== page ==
"We hold these truths to be self evident: that all men are created equal, that they are endowed by their Creator with certain inalienable rights; that among these are life, liberty, and the pursuit of happiness . . ."
The Declaration of Independence reveals the Founder's legal and philosophical presuppositions: all people are created equally and they are endowed by their Creator with certain inalienable rights. The right to life being first and foremost, yet the unborn child—thanks to positive law—no longer enjoys this right.
As I've said elsewhere, this is just one, important example of just how off-track—at the philosophical level—our nation has gotten. This rejection of natural law— by Biden and most others—has been going on for many, many years now. This undermining of natural law has been the legal basis for denuding the Bill of Rights: our rights no longer come from nature and nature's God (natural law), they now come from men in high government places (positive law) and this is how our government has been taking them away.
Think about it: if men and governments give us our rights, then men and governments can also take away those same rights, which is exactly what's been happening. But if our rights come from nature and nature's God then they are inalienable rights, which men and governments can never take away.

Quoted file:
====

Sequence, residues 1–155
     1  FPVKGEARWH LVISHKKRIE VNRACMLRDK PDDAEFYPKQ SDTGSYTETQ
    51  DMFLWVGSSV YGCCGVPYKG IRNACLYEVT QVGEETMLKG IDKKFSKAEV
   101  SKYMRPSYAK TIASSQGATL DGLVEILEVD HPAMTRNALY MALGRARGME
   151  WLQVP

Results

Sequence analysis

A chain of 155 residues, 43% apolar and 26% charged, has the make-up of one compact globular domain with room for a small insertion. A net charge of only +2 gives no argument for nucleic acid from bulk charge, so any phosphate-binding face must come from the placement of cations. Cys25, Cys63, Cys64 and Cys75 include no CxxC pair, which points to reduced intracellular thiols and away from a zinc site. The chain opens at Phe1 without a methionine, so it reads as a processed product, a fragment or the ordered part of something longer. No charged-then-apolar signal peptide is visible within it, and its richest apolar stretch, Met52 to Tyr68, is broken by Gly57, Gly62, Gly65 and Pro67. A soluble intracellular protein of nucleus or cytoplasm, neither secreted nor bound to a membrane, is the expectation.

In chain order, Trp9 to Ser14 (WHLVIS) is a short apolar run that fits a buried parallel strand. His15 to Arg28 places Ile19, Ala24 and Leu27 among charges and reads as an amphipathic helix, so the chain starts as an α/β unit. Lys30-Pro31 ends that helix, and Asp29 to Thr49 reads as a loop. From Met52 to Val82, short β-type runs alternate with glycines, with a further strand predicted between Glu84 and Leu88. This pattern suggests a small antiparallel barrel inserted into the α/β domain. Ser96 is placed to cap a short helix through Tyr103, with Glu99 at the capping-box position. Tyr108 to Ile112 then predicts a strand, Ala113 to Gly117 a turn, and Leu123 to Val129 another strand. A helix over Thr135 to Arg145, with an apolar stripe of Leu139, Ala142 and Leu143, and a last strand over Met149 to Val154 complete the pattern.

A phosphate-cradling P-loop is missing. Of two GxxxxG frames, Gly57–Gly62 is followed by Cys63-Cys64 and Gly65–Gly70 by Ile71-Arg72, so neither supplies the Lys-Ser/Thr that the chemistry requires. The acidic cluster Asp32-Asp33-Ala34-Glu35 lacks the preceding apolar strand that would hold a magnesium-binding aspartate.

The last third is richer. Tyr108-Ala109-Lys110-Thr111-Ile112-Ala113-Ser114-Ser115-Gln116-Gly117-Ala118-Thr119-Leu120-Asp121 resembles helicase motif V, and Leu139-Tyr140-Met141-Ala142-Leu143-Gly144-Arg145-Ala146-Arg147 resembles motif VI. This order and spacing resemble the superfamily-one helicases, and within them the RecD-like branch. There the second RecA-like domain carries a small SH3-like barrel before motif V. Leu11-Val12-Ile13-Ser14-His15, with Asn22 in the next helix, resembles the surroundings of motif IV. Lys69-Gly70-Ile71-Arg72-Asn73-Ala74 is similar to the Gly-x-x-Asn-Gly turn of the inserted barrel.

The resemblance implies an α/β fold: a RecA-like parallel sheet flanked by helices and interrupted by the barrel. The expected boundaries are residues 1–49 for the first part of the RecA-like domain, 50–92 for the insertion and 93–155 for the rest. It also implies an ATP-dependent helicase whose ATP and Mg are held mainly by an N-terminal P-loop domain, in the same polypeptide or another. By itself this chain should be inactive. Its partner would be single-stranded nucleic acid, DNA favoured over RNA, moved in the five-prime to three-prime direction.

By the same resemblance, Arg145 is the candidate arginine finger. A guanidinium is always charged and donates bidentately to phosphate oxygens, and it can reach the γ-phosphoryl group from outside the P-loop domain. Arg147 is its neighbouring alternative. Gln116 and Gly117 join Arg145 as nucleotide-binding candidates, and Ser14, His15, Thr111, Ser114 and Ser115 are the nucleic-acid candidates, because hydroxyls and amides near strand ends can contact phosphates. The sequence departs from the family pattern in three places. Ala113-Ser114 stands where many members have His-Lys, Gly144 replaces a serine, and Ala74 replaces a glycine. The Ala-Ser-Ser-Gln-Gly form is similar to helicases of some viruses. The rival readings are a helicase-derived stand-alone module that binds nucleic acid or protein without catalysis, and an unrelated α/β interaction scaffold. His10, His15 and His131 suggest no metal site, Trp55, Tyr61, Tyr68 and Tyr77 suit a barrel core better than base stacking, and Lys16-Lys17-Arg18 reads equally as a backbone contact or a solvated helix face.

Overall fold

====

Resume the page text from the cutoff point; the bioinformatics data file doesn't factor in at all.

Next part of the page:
Which do you prefer?
Another personal story, concerning the same liberal bitch-fest I mentioned earlier, which took place in 2003 at the William Bowen School of Law. After the meeting had adjourned, I spoke with a woman who was an attorney, having gotten her degree in law from the University of Chicago, and I asked her, "In the context of the abortion debate, would you say that human—meaning the unborn child's—rights trump women's rights? Or would you say that women's rights trump human rights?" She said, "Women's rights trump human rights."
What I didn't say to her, because I didn't feel like getting into an argument with her, was that if women's rights trump human rights then men's rights can certainly trump women's rights. In other words, once we reject God-given natural law and natural rights and replace these with man-given positive law and government-given rights, men can take away those rights whenever and for whatever reason they decide to do so.
I'd really like you to think about that, okay?
I'd really like you to think about this too: Since Dr. King's crusade against segregation was based upon natural law—as found in America's founding documents—what do you think happens to his crusade when we reject natural law for positive law? That's right: white people's rights can trump black people's rights.
And I really don't think we want to go there, do we?